by Sara O'Brein
Chocolate! You love it and try to resist. Should you?
We have good news!
Recent research reveals that we can and should enjoy chocolate and its health benefits.
We've listed the top ten below:
Doh! That's a no brainer you're probably thinking. We agree. Chocolate is the nectar of the gods.
Not only does chocolate taste good, it stimulates endorphin production which makes you feel super. Chocolate also boosts brain levels of serotonin, a natural anti-depressant. If you're pregnant, chocolate makes your baby happier. You might even feel a few kicks of pleasure!
Scientific research suggests that eating chocolate -- the darker the better -- during your pregnancy may indeed be good for mother and baby. A study by Elizabeth Triche of Yale University found that women who ate more chocolate were less likely to develop pre-eclampsia than women who ate less.
Huh? Chocolate does that? It sure does! Research has found that the theobromine in chocolate prevents tooth decay by eliminating streptococcus mutans, a bacteria found in the oral cavity that contributes to tooth decay. Now you know!
These protective chemicals help the body's cells resist damage caused by free radicals. These are formed by normal body processes such as breathing and from environmental contaminants like cigarette smoke.
Several studies have found chocolate to be one of the best cancer-fighting foods along with foods like red wine, blueberries, garlic, and tea. Chocolate works two ways as a cancer fighter -- inhibiting cell division and reducing inflammation.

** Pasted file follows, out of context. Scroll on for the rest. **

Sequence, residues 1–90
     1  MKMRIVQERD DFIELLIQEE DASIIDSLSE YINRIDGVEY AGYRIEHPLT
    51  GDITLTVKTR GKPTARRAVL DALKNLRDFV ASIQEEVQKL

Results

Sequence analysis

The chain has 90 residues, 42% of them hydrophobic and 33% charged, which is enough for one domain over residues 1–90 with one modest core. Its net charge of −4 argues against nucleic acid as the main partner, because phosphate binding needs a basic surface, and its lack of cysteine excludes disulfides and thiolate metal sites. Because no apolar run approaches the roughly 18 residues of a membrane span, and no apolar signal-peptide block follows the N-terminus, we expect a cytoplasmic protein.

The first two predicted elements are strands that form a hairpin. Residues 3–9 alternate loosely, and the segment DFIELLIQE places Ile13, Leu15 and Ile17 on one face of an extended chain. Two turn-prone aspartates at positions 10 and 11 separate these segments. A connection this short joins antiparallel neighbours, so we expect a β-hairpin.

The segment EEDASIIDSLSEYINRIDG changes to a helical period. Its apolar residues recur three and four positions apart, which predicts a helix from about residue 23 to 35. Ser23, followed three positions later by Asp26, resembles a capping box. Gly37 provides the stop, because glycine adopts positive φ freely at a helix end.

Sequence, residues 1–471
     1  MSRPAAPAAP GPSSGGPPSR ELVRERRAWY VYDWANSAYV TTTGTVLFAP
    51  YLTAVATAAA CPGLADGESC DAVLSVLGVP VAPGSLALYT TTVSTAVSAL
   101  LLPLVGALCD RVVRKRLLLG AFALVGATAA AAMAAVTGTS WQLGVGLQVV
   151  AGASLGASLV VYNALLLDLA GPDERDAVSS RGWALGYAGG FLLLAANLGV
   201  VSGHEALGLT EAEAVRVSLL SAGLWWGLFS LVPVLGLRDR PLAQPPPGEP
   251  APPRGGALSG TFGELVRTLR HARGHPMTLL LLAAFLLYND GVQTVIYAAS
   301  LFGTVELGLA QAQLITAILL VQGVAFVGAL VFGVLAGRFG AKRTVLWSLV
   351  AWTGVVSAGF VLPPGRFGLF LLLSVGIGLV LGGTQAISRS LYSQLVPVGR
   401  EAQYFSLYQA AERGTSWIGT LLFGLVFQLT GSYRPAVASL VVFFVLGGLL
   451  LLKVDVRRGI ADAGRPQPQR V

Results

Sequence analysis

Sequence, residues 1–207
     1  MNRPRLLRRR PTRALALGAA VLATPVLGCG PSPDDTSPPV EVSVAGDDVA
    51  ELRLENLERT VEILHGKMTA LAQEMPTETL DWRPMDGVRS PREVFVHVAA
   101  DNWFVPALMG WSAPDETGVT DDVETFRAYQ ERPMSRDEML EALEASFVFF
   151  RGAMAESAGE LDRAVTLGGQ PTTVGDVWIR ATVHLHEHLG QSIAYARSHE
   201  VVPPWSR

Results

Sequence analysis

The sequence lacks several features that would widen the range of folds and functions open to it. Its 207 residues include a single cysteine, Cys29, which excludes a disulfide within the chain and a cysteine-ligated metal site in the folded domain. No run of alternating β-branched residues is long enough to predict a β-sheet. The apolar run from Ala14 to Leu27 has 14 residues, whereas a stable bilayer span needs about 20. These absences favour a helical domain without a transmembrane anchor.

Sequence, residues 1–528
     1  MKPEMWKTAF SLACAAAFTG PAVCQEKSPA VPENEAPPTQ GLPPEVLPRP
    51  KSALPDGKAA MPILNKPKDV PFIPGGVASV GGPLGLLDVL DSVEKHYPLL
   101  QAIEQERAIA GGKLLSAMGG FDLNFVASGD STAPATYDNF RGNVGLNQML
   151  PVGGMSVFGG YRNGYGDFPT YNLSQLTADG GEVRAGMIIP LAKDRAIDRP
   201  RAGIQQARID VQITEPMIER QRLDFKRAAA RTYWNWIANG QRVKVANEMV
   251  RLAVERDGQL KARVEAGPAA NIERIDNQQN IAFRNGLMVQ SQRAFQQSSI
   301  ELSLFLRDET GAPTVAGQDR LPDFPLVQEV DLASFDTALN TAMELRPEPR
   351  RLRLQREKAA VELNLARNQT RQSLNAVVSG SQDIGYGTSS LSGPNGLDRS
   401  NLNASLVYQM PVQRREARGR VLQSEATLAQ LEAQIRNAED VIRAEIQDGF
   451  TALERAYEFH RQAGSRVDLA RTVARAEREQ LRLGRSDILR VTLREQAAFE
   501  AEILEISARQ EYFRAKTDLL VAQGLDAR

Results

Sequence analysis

Many studies have shown that dark chocolate is good for the brain. Researchers at Johns Hopkins University found that it can protect the brain after a stroke by shielding the nerve cells from further damage. Dark chocolate has also been found to improve memory. Now you have an excuse to eat chocolate when you're doing your favorite puzzle games!
Eating dark chocolate on a regular basis has been shown to reduce LDL cholesterol by as much as 10%.
Dark chocolate has been shown in studies to lower blood pressure in people with elevated blood pressure.
One of the causes of atherosclerosis is blood platelets clumping together, a process called aggregation. The polyphenols in chocolate inhibit this clumping, reducing the risks of atherosclerosis. Then the antioxidants in cacao work like brooms in sweeping plaque out of the arteries. Go chocolate!
Although these findings don't give a free license to binge on chocolate, we find it encouraging that a bit of chocolate can improve our health, our moods and our memory!
What's your favorite kind of chocolate?
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